Concrete Problems, Part 4
Hello everyone! I'm writing this intro on a Sunday - unusual for someone like me who usually takes the first couple of days of my blogging week off. But I figure that I need to start posting more frequently - after all, @EOGuel, an excellent blogger in his own right, posts at least twice a week, and I think it helps if new readers don't have time to forget about me between posts.
It's not going to be hard with IM Herman Grooten's award-winning classic by my side. Chess Strategy for Club Players is a gift that keeps on giving: many dozens of GM games and exercises and a treatment of chess strategy which lines up beautifully with what I've posted so far.
Happy New Year, everyone! I hope you enjoy this post.
"It is easier to climb Mount Everest than it is to beat Garry Kasparov" - a GM, quoted by @Debistro
Quotes are a wonderful thing. The one featured above (taken from this delightful forum thread) epitomizes the vast range of chess skill levels. Another one ("every 400 point difference is equal to being roughly twice as good at chess as a weaker player", paraphrased, I can't remember who said this) allows me to explain chess ratings to non-chess players.
In short, titled players are amazing. A 2200 has 4 times the chess skill of a 1400. A 2600 has double that. And as we saw in my last post - titled players spit on moves and ideas that amateurs are afraid of. In this post, we'll look at a few examples and simply ask: How?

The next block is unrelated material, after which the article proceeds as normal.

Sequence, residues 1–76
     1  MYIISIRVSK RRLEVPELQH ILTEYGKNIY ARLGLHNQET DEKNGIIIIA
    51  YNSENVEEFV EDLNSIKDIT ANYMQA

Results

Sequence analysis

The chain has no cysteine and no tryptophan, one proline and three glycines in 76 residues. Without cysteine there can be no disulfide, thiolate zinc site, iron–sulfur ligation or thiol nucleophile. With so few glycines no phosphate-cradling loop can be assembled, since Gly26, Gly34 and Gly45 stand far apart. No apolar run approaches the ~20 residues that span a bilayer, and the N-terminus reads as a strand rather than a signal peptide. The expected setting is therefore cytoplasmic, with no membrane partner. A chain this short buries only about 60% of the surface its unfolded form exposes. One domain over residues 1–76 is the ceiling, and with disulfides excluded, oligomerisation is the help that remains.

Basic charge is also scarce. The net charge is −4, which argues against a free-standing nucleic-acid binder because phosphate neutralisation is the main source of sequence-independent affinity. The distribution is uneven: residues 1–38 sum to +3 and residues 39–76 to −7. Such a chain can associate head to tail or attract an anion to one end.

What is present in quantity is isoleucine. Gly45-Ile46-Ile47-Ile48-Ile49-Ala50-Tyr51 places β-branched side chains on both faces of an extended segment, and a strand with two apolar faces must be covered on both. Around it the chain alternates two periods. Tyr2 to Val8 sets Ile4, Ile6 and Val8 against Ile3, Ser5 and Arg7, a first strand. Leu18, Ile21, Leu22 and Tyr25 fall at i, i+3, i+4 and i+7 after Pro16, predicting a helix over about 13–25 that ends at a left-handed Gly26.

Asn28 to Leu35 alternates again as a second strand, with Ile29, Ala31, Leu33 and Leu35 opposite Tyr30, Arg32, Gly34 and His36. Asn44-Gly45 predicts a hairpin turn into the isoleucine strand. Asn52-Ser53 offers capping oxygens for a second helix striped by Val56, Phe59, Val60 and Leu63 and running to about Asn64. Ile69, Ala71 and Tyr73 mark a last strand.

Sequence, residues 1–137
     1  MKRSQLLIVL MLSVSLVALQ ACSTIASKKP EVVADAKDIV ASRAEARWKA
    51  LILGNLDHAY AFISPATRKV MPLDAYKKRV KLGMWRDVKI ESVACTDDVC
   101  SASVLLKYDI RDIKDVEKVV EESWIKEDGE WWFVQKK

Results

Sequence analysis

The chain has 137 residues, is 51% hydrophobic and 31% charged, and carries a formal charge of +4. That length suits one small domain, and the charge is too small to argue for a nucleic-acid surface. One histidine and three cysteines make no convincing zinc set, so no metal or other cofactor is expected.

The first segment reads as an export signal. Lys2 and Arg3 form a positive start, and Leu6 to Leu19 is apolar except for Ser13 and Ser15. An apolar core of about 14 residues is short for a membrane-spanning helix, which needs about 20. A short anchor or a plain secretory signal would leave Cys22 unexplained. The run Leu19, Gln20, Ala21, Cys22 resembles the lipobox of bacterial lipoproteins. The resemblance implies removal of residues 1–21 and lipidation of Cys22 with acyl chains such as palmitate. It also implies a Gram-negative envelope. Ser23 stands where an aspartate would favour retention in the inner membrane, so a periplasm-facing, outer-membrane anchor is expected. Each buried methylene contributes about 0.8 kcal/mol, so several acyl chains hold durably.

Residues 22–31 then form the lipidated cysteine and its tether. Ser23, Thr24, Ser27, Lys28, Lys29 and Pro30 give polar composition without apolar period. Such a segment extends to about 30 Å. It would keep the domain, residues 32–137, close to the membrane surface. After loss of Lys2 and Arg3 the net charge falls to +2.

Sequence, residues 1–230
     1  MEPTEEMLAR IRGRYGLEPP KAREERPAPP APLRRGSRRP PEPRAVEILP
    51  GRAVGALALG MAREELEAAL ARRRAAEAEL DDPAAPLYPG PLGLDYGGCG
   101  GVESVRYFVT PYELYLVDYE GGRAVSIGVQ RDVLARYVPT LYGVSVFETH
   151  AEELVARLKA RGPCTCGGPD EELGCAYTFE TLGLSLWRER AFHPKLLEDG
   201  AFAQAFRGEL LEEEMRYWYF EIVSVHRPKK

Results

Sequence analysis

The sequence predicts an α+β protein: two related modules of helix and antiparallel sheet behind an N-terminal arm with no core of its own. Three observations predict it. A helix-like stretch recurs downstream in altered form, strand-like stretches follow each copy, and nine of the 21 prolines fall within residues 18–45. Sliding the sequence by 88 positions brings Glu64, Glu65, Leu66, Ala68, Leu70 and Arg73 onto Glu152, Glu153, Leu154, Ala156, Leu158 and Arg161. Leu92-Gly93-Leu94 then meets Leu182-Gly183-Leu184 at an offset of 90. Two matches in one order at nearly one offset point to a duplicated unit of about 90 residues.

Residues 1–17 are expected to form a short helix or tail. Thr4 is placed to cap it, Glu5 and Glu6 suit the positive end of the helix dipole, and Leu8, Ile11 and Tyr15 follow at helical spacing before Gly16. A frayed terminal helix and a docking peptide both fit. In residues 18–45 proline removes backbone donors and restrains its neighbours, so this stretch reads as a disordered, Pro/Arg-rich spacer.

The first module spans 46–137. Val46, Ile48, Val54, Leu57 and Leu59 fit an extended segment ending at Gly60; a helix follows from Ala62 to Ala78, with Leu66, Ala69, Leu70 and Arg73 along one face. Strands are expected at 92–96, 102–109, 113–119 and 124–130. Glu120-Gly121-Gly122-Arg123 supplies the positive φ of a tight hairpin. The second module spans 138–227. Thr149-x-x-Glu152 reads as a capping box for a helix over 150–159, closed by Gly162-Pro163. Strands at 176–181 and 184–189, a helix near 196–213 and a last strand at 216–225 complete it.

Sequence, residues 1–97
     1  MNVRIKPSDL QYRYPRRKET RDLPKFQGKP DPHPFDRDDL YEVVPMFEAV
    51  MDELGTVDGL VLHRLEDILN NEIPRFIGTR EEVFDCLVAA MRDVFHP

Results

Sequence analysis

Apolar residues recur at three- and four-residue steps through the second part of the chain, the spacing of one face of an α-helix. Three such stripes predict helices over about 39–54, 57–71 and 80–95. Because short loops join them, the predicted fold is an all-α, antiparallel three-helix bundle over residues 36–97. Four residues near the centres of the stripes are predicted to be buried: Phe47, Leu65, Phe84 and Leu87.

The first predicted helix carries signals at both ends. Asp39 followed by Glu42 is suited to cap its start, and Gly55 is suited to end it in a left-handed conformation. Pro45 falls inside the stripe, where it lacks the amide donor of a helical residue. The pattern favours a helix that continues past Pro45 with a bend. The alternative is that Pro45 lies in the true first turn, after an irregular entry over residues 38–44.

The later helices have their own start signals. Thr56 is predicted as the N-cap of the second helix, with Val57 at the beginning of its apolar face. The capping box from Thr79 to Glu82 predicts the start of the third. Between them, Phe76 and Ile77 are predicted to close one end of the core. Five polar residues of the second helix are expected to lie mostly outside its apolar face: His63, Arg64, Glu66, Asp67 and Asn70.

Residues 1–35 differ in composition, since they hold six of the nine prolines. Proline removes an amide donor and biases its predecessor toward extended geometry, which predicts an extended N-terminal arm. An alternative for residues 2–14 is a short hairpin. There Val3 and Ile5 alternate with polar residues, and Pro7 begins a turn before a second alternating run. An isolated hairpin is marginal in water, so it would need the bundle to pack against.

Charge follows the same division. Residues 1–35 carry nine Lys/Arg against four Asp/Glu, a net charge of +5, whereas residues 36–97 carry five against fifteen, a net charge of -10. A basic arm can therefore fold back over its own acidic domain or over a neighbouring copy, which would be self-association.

Let's start with last week's example. I annotated it simply last time, but the opening has some hidden depths which I can't wait to look into.
Just as it looks like Black has achieved a key break, the strong 16. Ne3! shatters the illusion. Of course, most pawn breaks are more convincing than this. In one of my 90 30 games (yes, the same one), the refutation required me to string together a few different elements of the position in the face of some psychological pressure, and as is usual for games I use for these posts, I wasn't up to the task.
Thanks to everyone for reading! Be sure to leave a comment and join Blogosphere, Chess.com's premier group for bloggers and blog fans. Until then, good chess.